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Over-Collateralization In DeFi Has Run Its Course

Obtaining a loan through decentralized finance democratizes access to financial services and products. Unfortunately, the industry suffers from a rather steep over-collateralization requirement, making this option unfavorable. I feel like everyone should be able to trade the performance of their tokenized cash flow without posting additional collateral. 

The DeFi Lending Over-collateralization Problem

Even though decentralized finance successfully removes the intermediaries from the equation, the industry still has work to do. While I am confident the current $100 billion in Total Value Locked in Ethereum DeFi is merely a stepping stone, it remains crucial to cater to people outside of the cryptocurrency world. In its current form, decentralized finance is designed mainly for those knowledgeable about cryptocurrency and blockchain. The average person on the street has no idea about these concepts, let alone show any interest in exploring new options. 

To gain that angle to capture mainstream adoption, DeFi lending will need to undergo crucial changes. The use of over-collateralization is straightforward, as these are incredibly volatile assets. Unfortunately, volatility and lending do not go hand-in-hand that well, forcing users to over-collateralize their loans by a large margin. In some cases, it is required to collateralize up to 750% of the amount one wants to borrow. That steep amount limits the funds to be obtained.

It is not hard to see why requirements like these hamper the growth of DeFi. Requiring users to provide so much capital to acquire a loan is not the best approach. I think that financial services need to be democratically accessible by anyone, and that is what DeFi should be about. Unfortunately, it is anything but that in the current landscape. 

One way to circumvent over-collateralization is by using stable assets. Stablecoins have become a staple in the cryptocurrency world over the past few years. However, stablecoins are not the most appealing option in crypto lending, as they lack volatility. For lending providers, there is a very fine line between wild price changes and not enough fluctuations.

Removing The Over-Collateralization Requirements

Although it may seem dangerous to remove over-collateralization from the equation, bear with me for a moment. I believe that users should be able to access loans in a decentralized manner. Moreover, they should choose the cash flow stream they are comfortable with, yet not face any stringent collateral requirements. Capital inefficiencies need to be addressed early on to make that aspect viable for the future.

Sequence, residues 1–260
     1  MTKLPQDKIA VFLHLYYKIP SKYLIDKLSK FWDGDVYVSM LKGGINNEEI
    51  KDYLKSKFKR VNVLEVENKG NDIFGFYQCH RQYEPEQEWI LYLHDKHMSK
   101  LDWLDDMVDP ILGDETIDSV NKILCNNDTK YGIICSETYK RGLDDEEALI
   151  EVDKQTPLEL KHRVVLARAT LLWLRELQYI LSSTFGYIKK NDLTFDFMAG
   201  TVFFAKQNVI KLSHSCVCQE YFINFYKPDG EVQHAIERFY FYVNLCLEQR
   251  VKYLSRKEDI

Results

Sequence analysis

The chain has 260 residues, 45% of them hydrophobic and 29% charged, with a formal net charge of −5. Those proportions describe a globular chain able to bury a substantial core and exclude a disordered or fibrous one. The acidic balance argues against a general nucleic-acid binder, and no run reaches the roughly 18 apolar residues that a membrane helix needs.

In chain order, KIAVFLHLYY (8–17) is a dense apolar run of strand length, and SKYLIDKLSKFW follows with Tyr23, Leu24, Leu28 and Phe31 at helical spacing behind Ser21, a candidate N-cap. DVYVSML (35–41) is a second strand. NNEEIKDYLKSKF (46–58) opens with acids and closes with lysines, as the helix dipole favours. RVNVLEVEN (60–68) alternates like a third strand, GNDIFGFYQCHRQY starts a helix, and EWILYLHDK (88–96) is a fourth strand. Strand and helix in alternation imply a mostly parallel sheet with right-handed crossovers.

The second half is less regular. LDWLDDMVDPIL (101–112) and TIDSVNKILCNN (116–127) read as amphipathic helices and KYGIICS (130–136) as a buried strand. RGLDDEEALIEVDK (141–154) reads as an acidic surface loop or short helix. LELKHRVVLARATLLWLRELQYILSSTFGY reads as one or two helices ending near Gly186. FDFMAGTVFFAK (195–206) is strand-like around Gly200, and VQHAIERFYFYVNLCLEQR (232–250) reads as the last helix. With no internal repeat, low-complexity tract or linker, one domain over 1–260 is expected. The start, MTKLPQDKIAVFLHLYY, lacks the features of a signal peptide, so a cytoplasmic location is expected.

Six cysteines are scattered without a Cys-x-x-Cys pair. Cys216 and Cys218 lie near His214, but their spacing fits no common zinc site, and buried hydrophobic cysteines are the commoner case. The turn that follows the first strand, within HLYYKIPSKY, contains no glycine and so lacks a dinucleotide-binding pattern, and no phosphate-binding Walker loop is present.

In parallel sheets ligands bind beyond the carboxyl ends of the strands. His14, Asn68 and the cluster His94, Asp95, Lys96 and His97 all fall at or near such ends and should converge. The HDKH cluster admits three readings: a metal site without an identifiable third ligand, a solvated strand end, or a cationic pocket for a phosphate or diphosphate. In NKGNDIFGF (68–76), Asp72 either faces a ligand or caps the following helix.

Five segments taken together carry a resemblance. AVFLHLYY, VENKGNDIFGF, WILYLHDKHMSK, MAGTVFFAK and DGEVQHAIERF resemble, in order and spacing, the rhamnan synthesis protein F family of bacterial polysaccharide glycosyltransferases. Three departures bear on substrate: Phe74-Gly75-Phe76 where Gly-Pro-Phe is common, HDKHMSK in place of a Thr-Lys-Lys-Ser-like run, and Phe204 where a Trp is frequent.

Allowing participants to create lending markets, such as through Horizon Finance, is the way to go. As long as users own the underlying tokenized yield stream, they can view the performance of the cash flow without contributing additional collateral. It creates a fair and transparent ecosystem for all users, rather than creating artificial "paywalls" to access this data. 

At its core, Horizon Finance provides a different take on traditional interest rates. The game-theoretic approach for creating decentralized interest rate markets allows participants to set rate expectations. By submitting fixed interest rate bids — shared transparently — users indicate which rates they are happy to receive, although they can never earn more than the bid they submitted.

More importantly, the way Horizon Finance implements this solution strikes me as efficient use of money. On the other hand, over-collateralization is as inefficient as it can be and will hold the DeFi industry back. By removing this barrier from the DeFi ecosystem, more users can explore the decentralized opportunities at their disposal. The current requirements and over-collateralization risks will scare off many potential newcomers.

Closing Thoughts

The future of DeFi still looks bright, even if certain industry aspects are far too inefficient. The initial popularity of over-collateralized lending has given rise to the idea this is how things should be. However, I am confident it is merely a stepping stone toward unlocking the true potential of DeFi lending. A future that doesn't involve steep collateral requirements, let alone over-collateralization. 

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